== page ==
ZINIO logo
EXPLOREMY LIBRARY
Food & Wine
Wine Spectator

Wine Spectator October 31, 2020

Wine Spectator rates over 15,000 wines per year, in every price range, to fit every occasion. Read about the world's great wineries and winemakers and visit restaurants with outstanding wine lists. Plus, each issue features delicious recipes and pairs them with the perfect wines.

Read More
Country:
United States
Language:
English
Publisher:
M Shanken Communications
Frequency:
Monthly
SUBSCRIBE
$59.95
15 Issues

in this issue

2 min.
winespectator.com

FREE RESOURCES FOR ALL WINESPECTATOR.COM READERS STRAIGHT TALK WITH WINE SPECTATOR is an Instagram Live series featuring conversations with wine-and-food newsmakers. Recent editions have featured Heitz Cellar CEO Carlton McCoy, star winemaker Thomas Rivers Brown (below, center) chef Charlie Palmer (below, left) and vintner and restaurateur André Hueston Mack (below, right). All episodes are archived on our IGTV channel for viewing anytime. Tune in to Straight Talk on Wine Spectator’s Instagram page, every Tuesday and Thursday at 7 p.m. ET, and check out the chat schedule at WineSpectator.com/LiveChatCalendar. WHAT AM I TASTING? Test your tasting skills in our mystery wine game. Every two weeks, we post a tasting note with clues from the color, aromas, flavors and structure. Then, you guess the variety, region, appellation and age of the wine. Good luck! WINE…

2 min.
tastes of italy

One thing we’ve learned about our readers over the years is how much you love Italy. It ranks among your top travel destinations; it is the source of what is arguably your favorite cuisine; it consistently leads in wine imports to the U.S. So we pay close attention to Italy—exploring what is new and interesting, keeping tabs on the venerable and still excellent, and reporting our findings. Unfortunately, in this pandemic era, we aren’t visiting Italy as tourists, nor are we able to enjoy our local Italian restaurants so freely and fully right now. However, we can still drink the wines! Most years, we review about 3,000 Italian wines. That’s about 20% of our total annual tastings, putting the country behind only France (4,000 wines reviewed) and California (3,500). All of…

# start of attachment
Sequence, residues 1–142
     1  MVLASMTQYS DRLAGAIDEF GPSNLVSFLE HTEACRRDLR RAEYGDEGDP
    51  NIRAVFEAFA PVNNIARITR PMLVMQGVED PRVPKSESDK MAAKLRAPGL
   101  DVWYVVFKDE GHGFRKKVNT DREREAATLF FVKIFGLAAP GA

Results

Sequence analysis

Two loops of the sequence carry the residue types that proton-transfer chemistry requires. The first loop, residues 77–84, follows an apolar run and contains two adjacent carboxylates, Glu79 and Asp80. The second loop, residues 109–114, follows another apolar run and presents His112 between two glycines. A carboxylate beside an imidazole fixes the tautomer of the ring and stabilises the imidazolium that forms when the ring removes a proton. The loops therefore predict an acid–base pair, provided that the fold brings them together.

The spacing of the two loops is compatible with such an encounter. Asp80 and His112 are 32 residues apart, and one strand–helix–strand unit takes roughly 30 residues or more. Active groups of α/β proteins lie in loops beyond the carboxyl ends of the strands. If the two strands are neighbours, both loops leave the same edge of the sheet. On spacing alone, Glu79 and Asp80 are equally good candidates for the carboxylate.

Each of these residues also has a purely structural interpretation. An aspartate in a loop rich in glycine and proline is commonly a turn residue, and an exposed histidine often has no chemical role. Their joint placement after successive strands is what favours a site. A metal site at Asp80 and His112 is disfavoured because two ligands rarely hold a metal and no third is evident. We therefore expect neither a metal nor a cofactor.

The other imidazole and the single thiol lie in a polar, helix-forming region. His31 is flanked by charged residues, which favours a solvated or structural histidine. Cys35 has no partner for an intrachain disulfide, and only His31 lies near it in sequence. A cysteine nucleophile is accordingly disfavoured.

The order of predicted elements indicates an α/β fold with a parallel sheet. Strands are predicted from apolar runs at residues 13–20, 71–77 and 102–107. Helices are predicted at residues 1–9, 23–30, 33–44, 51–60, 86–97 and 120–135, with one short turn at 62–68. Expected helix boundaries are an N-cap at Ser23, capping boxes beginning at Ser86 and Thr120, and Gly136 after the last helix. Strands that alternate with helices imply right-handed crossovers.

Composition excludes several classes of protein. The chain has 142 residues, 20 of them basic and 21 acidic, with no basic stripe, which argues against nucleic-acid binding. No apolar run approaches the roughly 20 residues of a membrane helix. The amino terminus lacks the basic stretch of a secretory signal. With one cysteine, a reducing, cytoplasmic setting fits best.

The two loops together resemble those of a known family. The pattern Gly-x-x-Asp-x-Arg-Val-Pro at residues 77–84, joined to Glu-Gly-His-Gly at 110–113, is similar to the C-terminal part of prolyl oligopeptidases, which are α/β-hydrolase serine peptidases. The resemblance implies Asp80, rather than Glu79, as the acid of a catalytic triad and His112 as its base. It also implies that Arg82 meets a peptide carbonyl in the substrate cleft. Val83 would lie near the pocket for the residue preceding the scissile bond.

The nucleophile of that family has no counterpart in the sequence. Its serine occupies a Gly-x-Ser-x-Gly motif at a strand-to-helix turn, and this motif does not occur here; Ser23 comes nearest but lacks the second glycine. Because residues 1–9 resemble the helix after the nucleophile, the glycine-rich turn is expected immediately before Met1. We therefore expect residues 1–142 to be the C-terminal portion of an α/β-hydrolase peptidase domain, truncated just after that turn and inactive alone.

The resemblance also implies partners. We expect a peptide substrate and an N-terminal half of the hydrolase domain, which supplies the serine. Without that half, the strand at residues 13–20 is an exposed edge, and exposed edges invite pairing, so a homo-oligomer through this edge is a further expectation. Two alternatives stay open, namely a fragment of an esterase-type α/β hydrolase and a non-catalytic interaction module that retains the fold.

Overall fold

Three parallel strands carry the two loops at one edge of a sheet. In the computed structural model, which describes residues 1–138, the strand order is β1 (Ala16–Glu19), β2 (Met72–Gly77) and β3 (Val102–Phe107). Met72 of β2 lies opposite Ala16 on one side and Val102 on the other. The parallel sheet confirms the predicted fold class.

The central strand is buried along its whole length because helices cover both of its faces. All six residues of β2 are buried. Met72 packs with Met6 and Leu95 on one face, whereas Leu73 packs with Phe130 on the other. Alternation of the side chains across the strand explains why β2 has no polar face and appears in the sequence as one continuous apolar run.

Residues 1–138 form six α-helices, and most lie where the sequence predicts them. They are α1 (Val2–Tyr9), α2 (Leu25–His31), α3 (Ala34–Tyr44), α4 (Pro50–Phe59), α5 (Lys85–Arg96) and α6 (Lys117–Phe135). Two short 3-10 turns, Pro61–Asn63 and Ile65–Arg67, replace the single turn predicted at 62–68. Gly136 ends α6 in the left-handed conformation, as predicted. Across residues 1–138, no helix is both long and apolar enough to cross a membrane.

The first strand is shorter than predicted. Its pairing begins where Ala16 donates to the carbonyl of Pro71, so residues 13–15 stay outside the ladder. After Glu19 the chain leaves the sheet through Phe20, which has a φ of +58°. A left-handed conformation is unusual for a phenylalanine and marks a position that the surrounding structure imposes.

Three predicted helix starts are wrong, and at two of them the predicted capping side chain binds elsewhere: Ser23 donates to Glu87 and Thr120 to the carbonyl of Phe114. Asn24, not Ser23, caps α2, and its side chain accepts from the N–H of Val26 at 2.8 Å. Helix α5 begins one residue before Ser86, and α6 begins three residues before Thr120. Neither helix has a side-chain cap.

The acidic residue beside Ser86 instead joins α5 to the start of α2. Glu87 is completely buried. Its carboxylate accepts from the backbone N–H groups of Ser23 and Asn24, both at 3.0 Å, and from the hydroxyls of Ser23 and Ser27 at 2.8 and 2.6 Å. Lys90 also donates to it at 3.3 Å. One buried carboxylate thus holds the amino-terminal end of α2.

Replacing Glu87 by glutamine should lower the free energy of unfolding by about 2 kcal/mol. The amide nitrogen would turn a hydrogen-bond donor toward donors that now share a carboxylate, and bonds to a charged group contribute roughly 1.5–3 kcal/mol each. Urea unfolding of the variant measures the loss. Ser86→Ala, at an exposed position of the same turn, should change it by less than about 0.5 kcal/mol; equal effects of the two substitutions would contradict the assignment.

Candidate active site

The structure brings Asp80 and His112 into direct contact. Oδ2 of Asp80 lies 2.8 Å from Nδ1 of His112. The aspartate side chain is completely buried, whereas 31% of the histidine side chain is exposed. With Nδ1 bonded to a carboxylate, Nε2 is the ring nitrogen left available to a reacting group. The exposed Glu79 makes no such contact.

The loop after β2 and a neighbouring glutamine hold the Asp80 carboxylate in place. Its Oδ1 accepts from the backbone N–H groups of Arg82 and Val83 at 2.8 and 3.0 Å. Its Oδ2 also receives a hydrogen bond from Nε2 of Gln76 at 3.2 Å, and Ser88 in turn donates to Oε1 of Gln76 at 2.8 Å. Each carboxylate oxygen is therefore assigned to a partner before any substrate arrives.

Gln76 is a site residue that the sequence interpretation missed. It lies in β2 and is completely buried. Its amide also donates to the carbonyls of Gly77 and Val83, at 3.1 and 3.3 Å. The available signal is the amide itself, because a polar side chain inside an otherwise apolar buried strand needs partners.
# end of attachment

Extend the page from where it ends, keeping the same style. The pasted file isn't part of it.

2 min.
wildfires, smoke, and the 2020 vintage

Where there’s fire, there’s smoke. Wildfires have burned across 12 western U.S. states this fall, including in California and Oregon wine regions. Napa and Sonoma have faced multiple waves, with the Glass Fires already burning several wineries at press time. (See WineSpectator.com for ongoing coverage.) With the sky blanketed with smoke in many places, winemakers are anxious about the possibility of tainted wines. As the name implies, smoke taint can impart smoky flavors and aromas to a wine that render it unmarketable. Wines impacted by smoke taint are not harmful to drink, but they’re not pleasant. Smoke taint has become a growing concern across the globe as climate change increases the threat of wildfires. In late 2019 and early 2020, bushfires burned along Australia’s southeast coast for more than five months. Chile…

1 min.
understanding smoke taint

GRAPES Burning wood releases aromatic compounds called volatile phenols, such as guiacol and 4-methylguaiacol. Drifting through vines, they can permeate the waxy cuticle of grape skins and bond with the sugars inside, forming molecules called glycosides. BARREL Glycosides are nonvolatile—growers and winemakers cannot detect them by taste or smell. But during fermentation, the wine’s acidity begins to break down the chemical bonds, releasing the volatile phenols again. BOTTLE The wine might taste fine at bottling, but develop smoke taint hints months or years later. Scientists have found evidence that enzymes in our mouths can break down any remaining glycosides, releasing the smoke taint as the wine is consumed.…

2 min.
sting hires riccardo cotarella

Sting and his wife, actress and director Trudie Styler, have brought in a rock star of Italian winemaking to work at their Tuscan estate, Il Palagio. The couple announced they’ve hired enologist Riccardo Cotarella to oversee the vineyards and winemaking. Cotarella, widely considered Italy’s leading consulting enologist, plans to focus on making wines with both the Chianti and Indicazione Geografica Tipica (IGT) designations beginning with the 2020 harvest. The current range of wines includes the Toscana IGT Sister Moon, a blend of 60% Sangiovese, 30% Cabernet Sauvignon and 10% Merlot; Toscana IGT Casino delle Vie, comprising 95% Sangiovese and 5% Cabernet; and Chianti When We Dance, 90% Sangiovese plus equal parts Colorino and Canaiolo. Once the fermentations this year are complete, Cotarella plans to review the blends. “The goal we have set…

1 min.
jackson family wines takes giant steps

Expanding Down Under, JFW is inking a deal to acquire Giant Steps winery in Australia’s Yarra Valley in Victoria from founder Phil Sexton. The purchase includes the Sexton and Applejack vineyards, about 75 acres total. Sexton, the winery’s general manager, and chief winemaker Steve Flamsteed will remain at Giant Steps, and long-term vineyard contracts will remain in place. The purchase price was not disclosed. “Our family is excited to be a part of the Yarra Valley community and help build upon the incredible legacy of Phil Sexton and Steve Flamsteed,” said Chris Jackson, one of the second-generation proprietors of JFW. The deal is a strategic move for JFW. It expands the company’s Australian portfolio and vineyard holdings in a way that doesn’t compete with its other properties, adding an exciting brand in…